Second homeowners and property investors who dispose of a property after 6 April 2020 face a tough new Capital Gains Tax (CGT) payment regime. The new rules will leave just 30 days to settle any tax due instead of up two 22 months under the current regime.
The changes were first proposed by the Government in 2015 but delayed following concerns that the they were little understood and that property owners were not yet ready.
Under the current regime, an individual or trust is required report any gain on the sale of property in an annual self-assessment tax return, with the deadline to settle any tax due by the 31 January of the following year. The date at which the capital gain is calculated is the date the contract becomes contractual, usually the exchange of contracts.
From 6 April 2020, any individual or trust disposing a property will be required to calculate the tax to be paid, to report any gain, and pay all tax within 30 days of completion.
To prevent confusion, HMRC has confirmed that where contracts are exchanged under an unconditional contract in the tax year 2019/20 (6 April 2019 to 5 April 2020) but completion takes place on or after 6 April 2020 the 30 days filing requirement does not apply. The gain should be reported in the 2019/20 self-assessment return in the usual way. This clarifies that the new reporting and payment regime applies only to taxable gains accruing on disposals of UK residential property made on or after 6 April 2020 (in the tax year 2020/21).
Late filing of CGT returns will leave individuals and trusts facing an immediate £100 fine with an additional penalty of the higher of £300 or 5% of the tax due if more than six months late. A further penalty of the higher of £300 or 5% of the tax due is payable if more than 12 months late, with HMRC reserving the right to charge £10 a day up to £900 for the period between three to six months of failing to file a return.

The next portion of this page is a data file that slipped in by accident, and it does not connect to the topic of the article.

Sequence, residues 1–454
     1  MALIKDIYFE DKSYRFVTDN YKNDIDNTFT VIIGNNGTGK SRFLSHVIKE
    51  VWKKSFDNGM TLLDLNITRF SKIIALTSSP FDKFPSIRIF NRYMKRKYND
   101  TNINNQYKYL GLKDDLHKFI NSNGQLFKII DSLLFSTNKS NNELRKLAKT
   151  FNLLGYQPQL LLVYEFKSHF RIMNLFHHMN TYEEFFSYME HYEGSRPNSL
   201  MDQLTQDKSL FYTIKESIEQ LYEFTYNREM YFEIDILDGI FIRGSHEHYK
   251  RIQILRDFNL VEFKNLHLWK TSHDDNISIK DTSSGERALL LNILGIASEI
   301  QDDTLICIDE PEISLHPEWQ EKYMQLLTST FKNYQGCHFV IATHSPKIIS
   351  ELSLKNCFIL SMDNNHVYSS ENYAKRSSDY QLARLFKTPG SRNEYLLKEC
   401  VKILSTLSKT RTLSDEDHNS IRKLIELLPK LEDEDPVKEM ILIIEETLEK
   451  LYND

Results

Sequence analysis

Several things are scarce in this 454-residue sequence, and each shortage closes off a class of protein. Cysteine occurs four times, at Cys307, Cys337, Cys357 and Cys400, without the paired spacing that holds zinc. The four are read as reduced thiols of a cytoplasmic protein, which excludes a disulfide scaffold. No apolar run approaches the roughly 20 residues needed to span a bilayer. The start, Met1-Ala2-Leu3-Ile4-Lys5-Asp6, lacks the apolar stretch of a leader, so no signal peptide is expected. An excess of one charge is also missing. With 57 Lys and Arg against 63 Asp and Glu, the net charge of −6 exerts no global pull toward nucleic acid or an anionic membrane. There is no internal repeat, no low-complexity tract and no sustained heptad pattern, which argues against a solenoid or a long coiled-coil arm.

Individuals are taxed on gains in excess of their annual exemption at 18% if the taxable gain on residential property falls entirely within their basic rate band. Any part of the gain that exceeds their basic rate band will be taxed at 28%.
Trustees pay tax at 28% on taxable gains in excess of any unused annual exemption, on gains arising residential property held within a trust.
There are some notable exceptions to the regime, the most valuable being principal private residence relief (PPR). PPR is only be applied if the property sold is an individual’s principal home. It is available if an individual has lived in the home for the duration of ownership, that parts of it are not let out (although a single lodger is permitted), and that it is not used for business.
The changes do not impact non-UK residents who have for some time had to report and settle any capital gain within 30 days.
Calculating the CGT payable is not always straightforward, meaning it will be all too easy to inadvertently miss the 30-day deadline.
Hillier Hopkins recommends that any individual or trust wishing to dispose of a property talk to one of its specialist tax advisers early on in a transaction to establish the amount of gain to be made and the CGT liability to be paid to ensure payment can be made promptly and no unnecessary penalties incurred.